Request you to go through the petition and please sign the petition, it will only take you 30 seconds to sign it. Here’s the link:

http://www.change.org/p/medical-council-of-india-lilavati-hospital-cancel-license-expel-corrupt-nephrologist-hemant-mehta-prashant-rajput-who-killed-my-mom

Thanks!
Parag

TRENDING

Swami Vivekananda's views on caste and sexuality were 'painfully' regressive

By Bhaskar Sur* Swami Vivekananda now belongs more to the modern Hindu mythology than reality. It makes a daunting job to discover the real human being who knew unemployment, humiliation of losing a teaching job for 'incompetence', longed in vain for the bliss of a happy conjugal life only to suffer the consequent frustration.

Union budget 'mum' on relief to marginalised communities facing climate change impact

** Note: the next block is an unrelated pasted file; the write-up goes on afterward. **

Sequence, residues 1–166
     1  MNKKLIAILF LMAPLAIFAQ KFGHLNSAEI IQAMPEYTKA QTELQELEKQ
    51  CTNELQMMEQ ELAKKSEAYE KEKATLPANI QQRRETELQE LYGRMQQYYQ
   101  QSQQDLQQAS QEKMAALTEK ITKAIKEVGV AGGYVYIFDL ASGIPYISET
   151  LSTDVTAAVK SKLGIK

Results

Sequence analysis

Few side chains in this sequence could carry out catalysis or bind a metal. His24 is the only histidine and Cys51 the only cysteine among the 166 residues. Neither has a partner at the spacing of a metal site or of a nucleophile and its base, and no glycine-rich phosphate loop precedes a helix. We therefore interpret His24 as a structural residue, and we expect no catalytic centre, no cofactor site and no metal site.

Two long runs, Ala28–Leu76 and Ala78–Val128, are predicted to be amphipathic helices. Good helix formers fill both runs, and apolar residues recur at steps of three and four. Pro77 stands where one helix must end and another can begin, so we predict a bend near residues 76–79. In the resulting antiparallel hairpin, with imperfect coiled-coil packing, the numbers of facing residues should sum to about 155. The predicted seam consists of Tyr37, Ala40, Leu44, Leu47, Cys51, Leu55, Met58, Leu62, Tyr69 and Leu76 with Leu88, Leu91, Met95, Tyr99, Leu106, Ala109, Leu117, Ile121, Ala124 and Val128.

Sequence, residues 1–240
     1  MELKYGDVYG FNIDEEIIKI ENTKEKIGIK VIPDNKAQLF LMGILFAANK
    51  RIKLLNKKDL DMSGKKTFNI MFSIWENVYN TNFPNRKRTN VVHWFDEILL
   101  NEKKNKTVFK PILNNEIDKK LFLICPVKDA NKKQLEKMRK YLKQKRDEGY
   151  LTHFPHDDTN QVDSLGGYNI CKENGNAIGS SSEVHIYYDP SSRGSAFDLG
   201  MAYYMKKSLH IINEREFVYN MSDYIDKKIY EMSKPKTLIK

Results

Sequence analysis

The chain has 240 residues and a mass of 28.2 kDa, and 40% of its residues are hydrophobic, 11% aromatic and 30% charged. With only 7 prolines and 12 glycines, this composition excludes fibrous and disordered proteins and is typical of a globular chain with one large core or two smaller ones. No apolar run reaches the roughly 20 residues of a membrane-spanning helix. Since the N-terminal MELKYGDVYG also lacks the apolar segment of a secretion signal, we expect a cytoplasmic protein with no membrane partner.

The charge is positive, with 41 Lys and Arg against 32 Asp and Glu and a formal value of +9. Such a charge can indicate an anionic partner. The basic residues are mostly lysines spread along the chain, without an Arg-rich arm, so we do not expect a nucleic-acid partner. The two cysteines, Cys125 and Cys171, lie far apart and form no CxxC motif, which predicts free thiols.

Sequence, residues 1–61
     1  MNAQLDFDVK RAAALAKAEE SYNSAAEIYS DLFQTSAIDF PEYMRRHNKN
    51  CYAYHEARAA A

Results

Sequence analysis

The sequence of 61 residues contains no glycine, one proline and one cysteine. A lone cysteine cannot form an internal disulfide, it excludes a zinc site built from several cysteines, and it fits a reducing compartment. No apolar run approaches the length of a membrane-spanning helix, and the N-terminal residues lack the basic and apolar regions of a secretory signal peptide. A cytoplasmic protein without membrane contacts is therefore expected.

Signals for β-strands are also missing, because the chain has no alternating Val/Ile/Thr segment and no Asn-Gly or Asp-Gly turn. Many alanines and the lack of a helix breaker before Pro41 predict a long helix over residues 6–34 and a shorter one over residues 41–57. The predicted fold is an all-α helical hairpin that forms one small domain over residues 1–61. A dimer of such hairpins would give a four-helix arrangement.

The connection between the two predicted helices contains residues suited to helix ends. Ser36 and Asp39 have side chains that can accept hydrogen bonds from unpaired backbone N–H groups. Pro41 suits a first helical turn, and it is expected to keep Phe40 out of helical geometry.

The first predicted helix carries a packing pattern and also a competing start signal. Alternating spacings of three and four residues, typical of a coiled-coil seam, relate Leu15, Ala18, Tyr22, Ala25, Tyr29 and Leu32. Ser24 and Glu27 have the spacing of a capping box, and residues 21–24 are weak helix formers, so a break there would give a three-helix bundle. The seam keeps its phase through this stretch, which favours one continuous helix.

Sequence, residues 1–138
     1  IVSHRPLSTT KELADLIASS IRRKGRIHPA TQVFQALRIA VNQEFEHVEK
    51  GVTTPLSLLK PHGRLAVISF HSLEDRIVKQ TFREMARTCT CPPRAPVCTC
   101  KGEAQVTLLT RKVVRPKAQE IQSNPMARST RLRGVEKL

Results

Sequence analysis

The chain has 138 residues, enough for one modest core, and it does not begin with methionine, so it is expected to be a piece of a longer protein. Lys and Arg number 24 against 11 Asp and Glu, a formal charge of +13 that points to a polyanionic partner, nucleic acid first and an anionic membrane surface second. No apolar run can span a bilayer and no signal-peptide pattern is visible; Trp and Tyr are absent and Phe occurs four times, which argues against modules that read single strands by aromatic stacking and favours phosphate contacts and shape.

Counterview Desk  ActionAid, an international advocacy group which claims to work for a world without poverty, patriarchy and injustice, has wondered if the Union budget 2023-24, which is being acclaimed for providing succour to the middle classes, has anything to offer to the India's poor. In a statement, it said, while the budget may have "prioritised inclusive development", the financial outlay for ensuring it "does not show the zeal as hoped." Stating that the Finance Minister said Rs 35,000 crore revenue would have to be "forgone" due to a reduction in personal income taxes, "fiscal prudence is not enough to expand public employment, social security, welfare, education and health expenditures considerably." "The need of the hour is to raise revenues through the reduction of revenues forgone and innovative mechanisms such as wealth tax on super accumulation of wealth", it added. Text: The Union Budget 2023 has given significant

Savarkar 'criminally betrayed' Netaji and his INA by siding with the British rulers